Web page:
Church leaders respond to attack

Published November 1, 2001

In the aftermath of the terrorist attacks on the United States of Sept. 11, many church leaders in the United States and from around the world offered a variety of responses. The following is a selection. Statement from bishops of the Episcopal Church of the U.S.A. released by the office of the Presiding Bishop:

We, your bishops, have come together in the shadow of the shattering events of Sept. 11. We in the United States now join that company of nations in which ideology disguised as true religion wreaks havoc and sudden death. Through this suffering, we have come into a new solidarity with those in other parts of the world for whom the evil forces of terrorism are a continuing fear and reality.

We grieve with those who have lost companions and loved ones, and pray for those who have so tragically died. We pray for the President of the United States, his advisors, and for the members of Congress that they may be given wisdom and prudence for their deliberations and measured patience in their actions. We pray for our military chaplains, and for those serving in the Armed Forces along with their families in these anxious and uncertain days. We also pray “for our enemies, and those who wish us harm; and for all whom we have injured or offended.”

At the same time we give thanks for the rescue workers and volunteers, and all those persons whose courageous efforts demonstrated a generosity and selflessness that bears witness to the spirit of our nation at its best. We give thanks too for all those who are reaching out to our Muslim brothers and sisters and others who are rendered vulnerable in this time of fear and recrimination.

We are called to self-examination and repentance: the willingness to change direction, to open our hearts and give room to God’s compassion as it seeks to bind up, to heal, and to make all things new and whole. God’s project, in which we participate by virtue of our baptism, is the ongoing work of reordering and transforming the patterns of our common life so they may reveal God’s justness – not as an abstraction but in bread for the hungry and clothing for the naked.

Let us therefore wage reconciliation. Let us offer our gifts for the carrying out of God’s ongoing work of reconciliation, healing and making all things new. To this we pledge ourselves and call our church.

Archbishop of Canterbury George Carey

This is a time of shock and deep distress. The suffering, devastation and loss of life touch us all. I hope that people of faith will take time to pray for those who are suffering in the aftermath of these terrible events. I pray that God’s presence will be with them. I am grateful to those churches able to remain open for private prayer and reflection.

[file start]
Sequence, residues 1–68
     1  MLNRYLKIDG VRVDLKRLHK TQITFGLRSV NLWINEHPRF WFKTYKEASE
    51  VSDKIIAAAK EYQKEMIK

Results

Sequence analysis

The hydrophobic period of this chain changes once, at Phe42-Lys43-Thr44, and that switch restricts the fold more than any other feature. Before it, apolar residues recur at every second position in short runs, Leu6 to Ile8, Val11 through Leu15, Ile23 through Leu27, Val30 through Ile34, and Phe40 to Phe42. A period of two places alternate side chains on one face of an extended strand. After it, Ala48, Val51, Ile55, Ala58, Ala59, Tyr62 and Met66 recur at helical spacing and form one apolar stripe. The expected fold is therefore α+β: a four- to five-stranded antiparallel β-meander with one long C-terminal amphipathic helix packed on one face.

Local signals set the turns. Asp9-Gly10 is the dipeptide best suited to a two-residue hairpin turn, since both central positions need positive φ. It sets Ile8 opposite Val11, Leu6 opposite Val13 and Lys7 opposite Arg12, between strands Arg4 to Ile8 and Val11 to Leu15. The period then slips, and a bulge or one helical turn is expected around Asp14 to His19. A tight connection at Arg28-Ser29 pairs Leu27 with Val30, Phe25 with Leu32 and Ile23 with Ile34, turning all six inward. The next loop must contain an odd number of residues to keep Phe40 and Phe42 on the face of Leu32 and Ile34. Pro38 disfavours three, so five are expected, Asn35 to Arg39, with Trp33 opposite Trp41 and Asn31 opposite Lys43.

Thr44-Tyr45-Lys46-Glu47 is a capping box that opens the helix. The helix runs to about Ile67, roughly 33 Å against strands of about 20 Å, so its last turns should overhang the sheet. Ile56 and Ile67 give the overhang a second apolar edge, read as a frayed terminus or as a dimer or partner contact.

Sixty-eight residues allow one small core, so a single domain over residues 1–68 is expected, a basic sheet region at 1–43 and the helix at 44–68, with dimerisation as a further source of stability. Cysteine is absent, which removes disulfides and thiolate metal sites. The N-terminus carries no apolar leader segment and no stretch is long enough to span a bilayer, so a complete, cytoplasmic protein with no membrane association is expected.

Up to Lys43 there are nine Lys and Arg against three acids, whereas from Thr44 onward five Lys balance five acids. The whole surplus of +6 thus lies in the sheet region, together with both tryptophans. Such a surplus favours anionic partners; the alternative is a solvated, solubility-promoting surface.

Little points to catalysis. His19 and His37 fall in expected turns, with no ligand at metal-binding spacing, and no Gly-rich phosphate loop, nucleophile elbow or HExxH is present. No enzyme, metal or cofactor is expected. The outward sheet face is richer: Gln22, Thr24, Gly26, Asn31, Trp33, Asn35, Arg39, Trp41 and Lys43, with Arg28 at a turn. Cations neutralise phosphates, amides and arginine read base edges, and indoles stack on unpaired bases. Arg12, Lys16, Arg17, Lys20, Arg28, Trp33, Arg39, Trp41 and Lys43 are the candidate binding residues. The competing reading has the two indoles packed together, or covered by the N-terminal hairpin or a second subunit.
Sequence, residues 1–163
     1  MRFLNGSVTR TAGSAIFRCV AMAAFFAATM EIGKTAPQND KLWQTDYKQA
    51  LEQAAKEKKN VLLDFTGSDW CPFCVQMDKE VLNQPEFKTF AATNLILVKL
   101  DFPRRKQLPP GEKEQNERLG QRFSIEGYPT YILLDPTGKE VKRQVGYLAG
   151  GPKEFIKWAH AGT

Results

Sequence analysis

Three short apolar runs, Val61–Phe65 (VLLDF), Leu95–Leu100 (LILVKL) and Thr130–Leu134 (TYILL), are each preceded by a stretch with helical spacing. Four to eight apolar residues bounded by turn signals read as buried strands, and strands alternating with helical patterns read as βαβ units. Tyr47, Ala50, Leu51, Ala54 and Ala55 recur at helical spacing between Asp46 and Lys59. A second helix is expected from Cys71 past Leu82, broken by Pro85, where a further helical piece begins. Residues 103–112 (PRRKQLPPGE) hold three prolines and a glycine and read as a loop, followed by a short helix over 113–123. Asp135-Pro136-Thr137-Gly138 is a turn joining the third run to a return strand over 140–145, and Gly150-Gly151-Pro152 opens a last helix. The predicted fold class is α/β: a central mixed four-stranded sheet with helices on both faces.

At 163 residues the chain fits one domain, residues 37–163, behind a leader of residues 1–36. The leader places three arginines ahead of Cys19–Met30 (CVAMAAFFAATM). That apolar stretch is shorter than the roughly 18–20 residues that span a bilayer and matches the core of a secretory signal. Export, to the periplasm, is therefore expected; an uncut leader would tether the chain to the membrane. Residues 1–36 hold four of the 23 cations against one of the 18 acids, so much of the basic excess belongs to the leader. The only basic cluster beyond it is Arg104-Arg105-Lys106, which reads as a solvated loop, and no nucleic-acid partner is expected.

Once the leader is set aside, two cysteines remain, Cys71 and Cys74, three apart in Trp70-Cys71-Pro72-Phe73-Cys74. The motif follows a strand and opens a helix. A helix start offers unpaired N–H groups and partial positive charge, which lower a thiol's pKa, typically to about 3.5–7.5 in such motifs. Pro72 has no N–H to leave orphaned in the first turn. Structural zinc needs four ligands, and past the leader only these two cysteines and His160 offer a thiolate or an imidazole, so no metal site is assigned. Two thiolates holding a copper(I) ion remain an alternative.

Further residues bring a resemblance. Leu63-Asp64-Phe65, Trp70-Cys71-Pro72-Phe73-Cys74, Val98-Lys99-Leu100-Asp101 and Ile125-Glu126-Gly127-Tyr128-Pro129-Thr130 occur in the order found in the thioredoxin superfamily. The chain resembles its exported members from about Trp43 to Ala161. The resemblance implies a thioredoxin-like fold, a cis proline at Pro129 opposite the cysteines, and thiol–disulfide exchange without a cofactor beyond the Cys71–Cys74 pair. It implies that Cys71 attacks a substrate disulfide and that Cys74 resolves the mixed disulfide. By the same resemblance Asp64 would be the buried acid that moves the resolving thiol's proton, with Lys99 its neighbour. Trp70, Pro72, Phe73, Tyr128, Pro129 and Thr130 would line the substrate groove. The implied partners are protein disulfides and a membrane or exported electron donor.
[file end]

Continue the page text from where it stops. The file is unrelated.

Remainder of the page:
Riah Abu al-Assal, Bishop in Jerusalem, The Episcopal Church in Jerusalem and the Middle East, in a letter to ECUSA Presiding Bishop Frank Griswold

Like many in the world, I am awfully shocked at what I witness and hear from Jerusalem the troubled city. I find myself unable to comprehend or even to begin to understand the horrors of this divided and broken world.

There are no available answers for our questions. Instead I am silenced. We forcefully denounce this unjustified action, and we join our sufferings with yours. On behalf of the Episcopal Diocese of Jerusalem, ordained and lay, I assure you of our ceaseless prayers for you and all your people, calling upon Almighty God to comfort the hearts of the bereaved for the loss of their dear ones and beseeching him to heal all the injured in body, mind or spirit.

Palestinians leaders: Rev. Dr. Mitri Raheb, Pastor of Christmas Lutheran Church, Bethlehem, Dr. Nuha Khoury, The International Center of Bethlehem, Rev. Dr. Mitri Raheb, General Director

With deep sorrow and profound grief we write this message to offer our heartfelt condolences to the mothers, fathers, children, friends and families of the thousands of innocent people who have been the victims of the terrorist attacks on the United States. We would like to reach out to all of our American friends to assure them that we stand by them at this tragic time.

Archbishop Peter Watson of Melbourne, Australia

We are shocked and dismayed at the appalling tragedy and loss of life in the United States. Our hearts go out to all the injured and those who have lost loved ones.

Those who have lost their lives, the injured and the grieving are very much in our hearts and prayers. We pray, too, for President Bush and the American people: that they will be comforted by the world-wide outpouring of support and sympathy.

Archbishop Livingstone Mpalanyi-Nkoyoyo of Uganda

We have received with shock the sad news of the terrorist attacks in some parts of your country with utter disbelief!

The Christians here stand shoulder to shoulder with your people as they grieve and struggle to come to terms with the terrible tragedy which has befallen your country and the whole world.

We are crying out for justice; we are praying for America and for world peace; we are praying for the families and institutions that have lost their dear ones and property in this senseless, selfish and cowardly attack.

Jubal Neves, Bishop of Southwestern Brazil

We are together with all the Anglican Communion in prayer today. Facing the terrorist attack to the people of North America yesterday we understand better where the ambition (the core of sin) may lead the human being… We pray for the people and families in suffering, for the thousand of victims, for justice and peace.


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